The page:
Maintaining a consistent quality level when produce is coming in from different parts of the country can be difficult, so sensory development tests are conducted. The test is subjective and based on a score of difference between samples. Testing takes place at every product check, and both McDonald’s employees and suppliers are trained to evaluate produce quality.

When the menu team is developing a new product, the visual quality can be as important as the taste. For its apple slices, McDonald’s uses mostly Galas and Empires, and some Cameos and Jonagolds, for its red apples. For green apples, only Granny Smiths are acceptable. Those varieties were selected because they had good color, inside and out, and good taste. When they were looking at varieties, Lepine said they liked the taste of Fuji apples, but the inside was a brownish-tan color that did not meet their requirements.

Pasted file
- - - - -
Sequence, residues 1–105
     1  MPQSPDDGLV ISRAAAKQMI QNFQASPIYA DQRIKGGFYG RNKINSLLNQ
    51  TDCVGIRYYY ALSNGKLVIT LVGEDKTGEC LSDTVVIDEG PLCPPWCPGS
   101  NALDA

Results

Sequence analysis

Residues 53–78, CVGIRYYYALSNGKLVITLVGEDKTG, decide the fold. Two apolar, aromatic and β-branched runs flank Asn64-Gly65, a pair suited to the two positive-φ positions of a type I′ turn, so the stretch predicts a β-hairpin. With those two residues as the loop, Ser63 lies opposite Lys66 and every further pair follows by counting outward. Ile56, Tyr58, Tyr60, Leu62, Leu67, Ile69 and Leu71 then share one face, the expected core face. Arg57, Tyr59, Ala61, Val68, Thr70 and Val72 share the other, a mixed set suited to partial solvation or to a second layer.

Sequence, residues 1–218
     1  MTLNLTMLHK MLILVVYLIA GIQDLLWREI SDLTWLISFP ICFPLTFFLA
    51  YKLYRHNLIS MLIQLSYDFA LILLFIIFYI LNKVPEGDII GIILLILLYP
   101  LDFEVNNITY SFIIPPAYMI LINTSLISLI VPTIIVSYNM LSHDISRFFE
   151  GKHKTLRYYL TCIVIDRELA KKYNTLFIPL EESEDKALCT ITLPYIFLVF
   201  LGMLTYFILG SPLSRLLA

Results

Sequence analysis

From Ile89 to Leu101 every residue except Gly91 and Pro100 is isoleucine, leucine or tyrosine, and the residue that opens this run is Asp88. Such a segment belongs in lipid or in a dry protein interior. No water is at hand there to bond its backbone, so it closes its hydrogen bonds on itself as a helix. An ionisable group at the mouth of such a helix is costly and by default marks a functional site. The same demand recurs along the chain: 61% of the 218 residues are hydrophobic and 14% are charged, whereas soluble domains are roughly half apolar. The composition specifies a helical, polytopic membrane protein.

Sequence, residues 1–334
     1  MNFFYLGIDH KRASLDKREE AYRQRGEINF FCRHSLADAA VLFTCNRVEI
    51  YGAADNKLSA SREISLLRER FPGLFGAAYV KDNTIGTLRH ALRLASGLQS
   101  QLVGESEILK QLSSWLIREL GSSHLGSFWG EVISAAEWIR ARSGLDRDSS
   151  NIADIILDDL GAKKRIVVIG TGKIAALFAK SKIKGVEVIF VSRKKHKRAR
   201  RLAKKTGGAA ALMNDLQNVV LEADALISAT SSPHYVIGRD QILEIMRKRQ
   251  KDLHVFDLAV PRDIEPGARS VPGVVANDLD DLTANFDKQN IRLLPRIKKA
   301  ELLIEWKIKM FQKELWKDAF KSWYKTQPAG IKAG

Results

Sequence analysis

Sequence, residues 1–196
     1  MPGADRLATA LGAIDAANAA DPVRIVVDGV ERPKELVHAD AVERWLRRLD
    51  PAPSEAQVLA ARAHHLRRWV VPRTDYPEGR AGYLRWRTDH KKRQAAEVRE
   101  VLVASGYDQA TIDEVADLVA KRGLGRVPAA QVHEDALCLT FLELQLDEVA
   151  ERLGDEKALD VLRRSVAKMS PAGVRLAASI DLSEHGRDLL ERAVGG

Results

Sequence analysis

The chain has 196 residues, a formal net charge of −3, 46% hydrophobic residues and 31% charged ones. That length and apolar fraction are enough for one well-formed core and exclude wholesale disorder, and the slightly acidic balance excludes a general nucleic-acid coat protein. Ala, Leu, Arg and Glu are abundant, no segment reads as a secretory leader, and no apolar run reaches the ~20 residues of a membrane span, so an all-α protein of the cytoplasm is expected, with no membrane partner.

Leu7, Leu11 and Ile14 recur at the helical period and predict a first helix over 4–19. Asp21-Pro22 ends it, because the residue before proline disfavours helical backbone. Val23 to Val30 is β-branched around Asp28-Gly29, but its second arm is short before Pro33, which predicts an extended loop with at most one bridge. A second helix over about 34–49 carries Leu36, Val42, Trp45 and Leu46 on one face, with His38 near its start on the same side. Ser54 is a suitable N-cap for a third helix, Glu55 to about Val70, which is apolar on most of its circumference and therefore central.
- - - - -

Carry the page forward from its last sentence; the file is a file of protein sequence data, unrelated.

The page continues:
Food Safety

Food safety is non-negotiable, Smith said. It starts as early as selecting the land for planting, and goes all the way through to the customer’s tray. The company has a strict food safety plan, and takes a preventative approach.

McDonald’s works with its growers and suppliers to make sure they are using safe techniques. Third party audits on Good Agricultural Practices are conducted frequently, with spring mix salad growers audited once a year and iceberg lettuce growers audited every 18 to 24 months.

In the field, audits are done daily for Good Harvesting Practices to ensure that equipment is being sanitized, storage in the field is sufficient, workers are washing their hands and OSHA requirements are being met.